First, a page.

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Body Fat Percentile Curves for
U.S. Children and Adolescents
Kelly R. Laurson, PhD, Joey C. Eisenmann, PhD, Gregory J. Welk, PhD
Background: To date, several studies have been published outlining reference percentiles for BMI
in children and adolescents. In contrast, there are limited reference data on percent body fat (%BF) in
U.S. youth.
Purpose: The purpose of this study was to derive smoothed percentile curves for %BF in a nationally
representative sample of U.S. children and adolescents.
Methods: Percent fat was derived from the skinfold thicknesses of those aged 5–18 years from three
cross-sectional waves of the National Health and Nutrition Examination Survey (NHANES) IV
(1999–2000, 2001–2002, and 2003–2004; N8269). The LMS (Lskewness, Mmedian, and
Scoeffıcient of variation) regression method was used to create age- and gender-specifıc smoothed
percentile curves of %BF.
Results: Growth curves are similar between boys and girls until age 9 years. However, whereas %BF
peaks for boys at about age 11 years, it continues to increase for girls throughout adolescence. Median
%BF at age 18 years is 17.0% and 27.8% for boys and girls, respectively.
Conclusions: Growth charts and LMS values based on a nationally representative sample of U.S.
children and adolescents are provided so that future research can identify appropriate cut-off values
based on health-related outcomes. These percentiles are based on skinfolds, which are widely
available and commonly used. Using %BF instead of BMI may offer additional information in
epidemiologic research, fıtness assessment, and clinical settings.
(Am J Prev Med 2011;41(4S2):S87–S92) © 2011 American Journal of Preventive Medicine
Introduction
T
he increasing prevalence
1–6
and adverse medical,
7
economic,
8
and psychosocial
9,10
consequences of
childhood obesity have been well documented.
The majority of studies that identify the magnitude and
consequences of this health problem rely on the classifı-
cation of overweight or obesity using age- and gender-
specifıc thresholds or reference values of BMI. Several
sets of reference values for BMI in children and adoles-
cents have been published, with the most widely recog-
nized being the international thresholds by Cole et al.
11
and the CDC thresholds.
12
Although these reference val-
ues are widely used, a major limitation of BMI is its
inherent inability to differentiate between fat mass and
fat-free mass.
13
Similar sets of reference values are needed
for body fatness to improve public health surveillance,
facilitate clinical screening, and advance obesity preven-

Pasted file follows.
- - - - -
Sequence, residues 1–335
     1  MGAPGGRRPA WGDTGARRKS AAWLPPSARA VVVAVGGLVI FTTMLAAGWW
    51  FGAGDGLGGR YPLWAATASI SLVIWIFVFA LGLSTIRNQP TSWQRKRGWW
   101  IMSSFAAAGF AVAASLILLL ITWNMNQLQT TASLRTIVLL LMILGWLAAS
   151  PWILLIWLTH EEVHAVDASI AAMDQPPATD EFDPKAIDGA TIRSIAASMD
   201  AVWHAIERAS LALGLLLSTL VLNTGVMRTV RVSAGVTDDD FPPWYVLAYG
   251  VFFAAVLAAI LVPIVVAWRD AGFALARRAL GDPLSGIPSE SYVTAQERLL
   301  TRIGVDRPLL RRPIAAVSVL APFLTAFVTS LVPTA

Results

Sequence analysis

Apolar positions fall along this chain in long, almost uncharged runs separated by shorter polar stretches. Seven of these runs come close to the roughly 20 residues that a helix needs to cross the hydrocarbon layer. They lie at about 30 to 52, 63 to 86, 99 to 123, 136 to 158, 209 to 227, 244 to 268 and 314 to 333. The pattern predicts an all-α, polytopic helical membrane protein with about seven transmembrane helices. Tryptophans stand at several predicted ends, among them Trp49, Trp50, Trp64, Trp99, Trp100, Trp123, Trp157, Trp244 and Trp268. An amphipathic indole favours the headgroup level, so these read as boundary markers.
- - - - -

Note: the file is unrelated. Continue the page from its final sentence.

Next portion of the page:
tion research.
Despite the importance of body fatness to health, there
are limited reference data available on percent body fat
(%BF). Percentiles for body fat have been developed us-
ing bioelectrical impedance analysis (BIA)-derived %BF
values in British children
14
and skinfold-derived %BF
values in Spanish adolescents.
15
Both BIA and measuring
skinfold thickness are simple and feasible methods to
assess adiposity. In children and adolescents, skinfold
thickness values are often converted to %BF using the
Slaughter equation,
16
as in the aforementioned study by
Moreno et al.
15
Rodriguez et al.
17
specifıcally recom-
mended the use of the Slaughter equation for male and
female adolescents after reviewing several skinfold-to-
%BF prediction equations. Reference data are not cur-
rently available using skinfold-derived %BF in U.S.
youth. Therefore, this paper presents smoothed percen-
tile curves for %BF using LMS (Lskewness, M
median, and Scoeffıcient of variation) regression in a
From the School of Kinesiology and Recreation, Illinois State University
(Laurson), Normal, Illinois; the Department of Kinesiology, Michigan State
University (Eisenmann), East Lansing, Michigan; The Healthy Weight
Center at Helen DeVos Children’s Hospital (Eisenmann), Grand Rapids,
Michigan; and the Department of Kinesiology, Iowa State University
(Welk), Ames, Iowa
Address correspondence to: Kelly R. Laurson, PhD, School of Kinesiol-
ogy and Recreation, Illinois State University, Campus Box 5120, 250
McCormick Hall, Normal IL 61790. E-mail: [email protected].
0749-3797/$17.00
doi: 10.1016/j.amepre.2011.06.044
© 2011 American Journal of Preventive Medicine Published by Elsevier Inc. Am J Prev Med 2011;41(4S2):S87–S92 S87
Example Male Body Fat Chart
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